I use 30 developer, and while I try to just do the roots, a lot gets on the upper parts as well since it's super hard to get just on the roots. I'll look into a boxed L'Oreal or Clairol bleach instead of Manic Panic next time to see how it turns out. I don't need to bleach it super platinum, since the pink is dark enough.

I'll be trying out some of these products and suggestions - thanks so much!
posted by kpht at 2:00 PM on February 15, 2013

My hair isn't pink but it has been bleached, dyed dark red, stripped twice, bleached again and toned blonde. In other words, it's FRIED. I am in process of growing it out, but for now:

Shampoo as infrequently as possible. I do it once or twice a week, and I mainly only scrub my scalp and then sort of rinse the suds through the rest of the hair. If you need to wash in between, either (a) just use water and scrub at your scalp, or (b) scrub your scalp with conditioner. Serious. Doesn't clean as well as shampoo, but it's better than nothing and less drying.

Dry shampoo is also a godsend for in-between days.

A sulfate-free shampoo is best, though the consistency takes time to get used to (it doesn't foam much). Some of them run expensive, but the Organix line isn't bad, and they are often buy1 get1 free at the grocery stores near me. Otherwise you can try a Marshalls or TJ Maxx type place for nicer-brand hair products that aren't insanely expensive.

You need two things for such damaged hair - moisture (softness) and protein (strength). Buy conditioners accordingly; Herbal Essences SUCKS. It really does. Ideally, you would find a deep conditioner that doesn't include silicone, as silicone (though it looks shiny-pretty) doesn't rinse out and after a while it can dry up and gunk up your hair.

So: rare, gentle shampoo; frequent, good conditioner.

Deep treatments:

For a protein treatment, to keep hair from breaking, you can get something called Aphogee at a beauty supply store like Sally's. A little packet with the protein and moisturizing treatment is about $4. It's full of frightening chemicals and bad for you as hell, so yeah, don't do it every day and try not to breathe the stuff, but... it works. Really well, at least for me (and lots and lots of online reviewers). Follow the directions on the packet or Google it.

Moisture: Coconut oil, olive oil, even your basic sunflower seed oil are all great! Here's what I do: When you're going to take a shower, rinse your hair really quick, squeeze the water out, and get back out of the shower. Mix up some oil and rub it all up in your hair, and then take a plastic grocery store bag (or a shower cap, I do the cheap ghetto way) and stick it on your head and tie it so it stays. Aim a blowdryer at your head, not till it dries, but just get your hair (under the plastic) hot for a while. Then leave it while you do some stuff around the house, and then go wash your hair as usual.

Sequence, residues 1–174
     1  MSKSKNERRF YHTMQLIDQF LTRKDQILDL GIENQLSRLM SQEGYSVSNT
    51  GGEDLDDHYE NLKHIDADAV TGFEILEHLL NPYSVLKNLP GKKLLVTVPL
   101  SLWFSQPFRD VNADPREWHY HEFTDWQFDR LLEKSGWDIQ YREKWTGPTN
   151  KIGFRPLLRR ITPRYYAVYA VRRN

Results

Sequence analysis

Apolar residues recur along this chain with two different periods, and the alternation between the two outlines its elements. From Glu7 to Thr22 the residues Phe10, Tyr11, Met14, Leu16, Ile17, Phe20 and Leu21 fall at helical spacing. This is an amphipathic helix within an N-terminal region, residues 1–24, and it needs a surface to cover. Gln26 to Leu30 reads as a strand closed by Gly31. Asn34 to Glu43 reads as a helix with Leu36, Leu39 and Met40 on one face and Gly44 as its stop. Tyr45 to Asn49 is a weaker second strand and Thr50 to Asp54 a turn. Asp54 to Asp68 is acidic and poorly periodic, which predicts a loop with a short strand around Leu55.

Helps a lot to keep it looking nice while we continue to torture it. :)

Oh, and yes, combing while wet and leaving it is better than brushing. Basically minimize as much as possible how much you tear at your hair, scratch and scrub and scrape it and anything like that.
posted by celtalitha at 2:07 PM on February 15, 2013

you're probably bleaching it too often - I know that roots do suck, but it's a trade off, y'know? also, you don't need to bleach your hair anytime you add the colour - a new application of blue and pink without bleaching will freshen up the colour wonderfully. I generally to a full bleach about once a year, and touch up the roots maybe once or twice during the year.

as for manic panic, it kinda sucks - smelly and it doesn't last. I love punky colour, it's a nice thick paste that smells like grape candy, so I put it in my hair and leave it on for hours - sometimes overnight. I generally use l'oreal bleach, it's pretty gentle on the hair. following this routine leaves me with thicker and fuller hair than if I didn't dye it at all (which seems counterintuitive, but there you go) A lot of my friends use f/x hairdye, which is good too, but their blue isn't as awesome as punky colour's atlantic blue.

washing with shampoo for colour-treated hair also will preserve the colour longer - and only use a small dab just by the roots
posted by 5_13_23_42_69_666 at 2:07 PM on February 15, 2013

Oh goodness, yeah, don't bleach the whole thing every time! Lord. Bleach your roots, and add color to the rest. If you really can't get a clean color deposit on old color, or want to switch colors, try a color stripper on the dyed lengths (like ColorOops). It's damaging, but nowhere as bad as bleach.